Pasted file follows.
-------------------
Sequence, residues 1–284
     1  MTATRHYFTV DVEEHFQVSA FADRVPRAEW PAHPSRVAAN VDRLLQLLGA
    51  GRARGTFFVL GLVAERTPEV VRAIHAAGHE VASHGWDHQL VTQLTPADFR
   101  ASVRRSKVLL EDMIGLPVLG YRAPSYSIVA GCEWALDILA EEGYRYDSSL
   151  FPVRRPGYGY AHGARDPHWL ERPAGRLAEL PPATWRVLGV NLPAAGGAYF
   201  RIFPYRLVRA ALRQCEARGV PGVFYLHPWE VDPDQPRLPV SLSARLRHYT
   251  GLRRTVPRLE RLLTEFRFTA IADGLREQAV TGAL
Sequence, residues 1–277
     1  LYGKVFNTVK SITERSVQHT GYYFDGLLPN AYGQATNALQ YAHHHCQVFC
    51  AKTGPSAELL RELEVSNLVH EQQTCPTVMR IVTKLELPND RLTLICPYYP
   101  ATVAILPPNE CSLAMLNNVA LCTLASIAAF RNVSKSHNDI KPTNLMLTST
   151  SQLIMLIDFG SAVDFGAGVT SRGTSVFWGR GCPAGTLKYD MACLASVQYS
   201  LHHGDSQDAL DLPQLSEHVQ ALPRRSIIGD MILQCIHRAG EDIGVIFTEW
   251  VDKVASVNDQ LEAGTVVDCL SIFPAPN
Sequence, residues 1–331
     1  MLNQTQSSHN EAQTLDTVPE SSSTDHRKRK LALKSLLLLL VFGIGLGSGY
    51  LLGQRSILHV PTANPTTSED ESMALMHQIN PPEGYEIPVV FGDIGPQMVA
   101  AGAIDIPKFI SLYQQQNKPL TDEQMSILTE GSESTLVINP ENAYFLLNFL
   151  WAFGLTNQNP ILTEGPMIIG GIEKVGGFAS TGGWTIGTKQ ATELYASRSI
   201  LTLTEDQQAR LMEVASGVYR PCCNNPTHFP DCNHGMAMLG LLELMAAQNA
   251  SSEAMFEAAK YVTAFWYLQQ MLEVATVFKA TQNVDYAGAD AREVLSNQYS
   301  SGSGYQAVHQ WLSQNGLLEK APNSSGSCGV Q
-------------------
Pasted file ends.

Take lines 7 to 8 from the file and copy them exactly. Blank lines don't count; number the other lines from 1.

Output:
   251  GLRRTVPRLE RLLTEFRFTA IADGLREQAV TGAL
Sequence, residues 1–277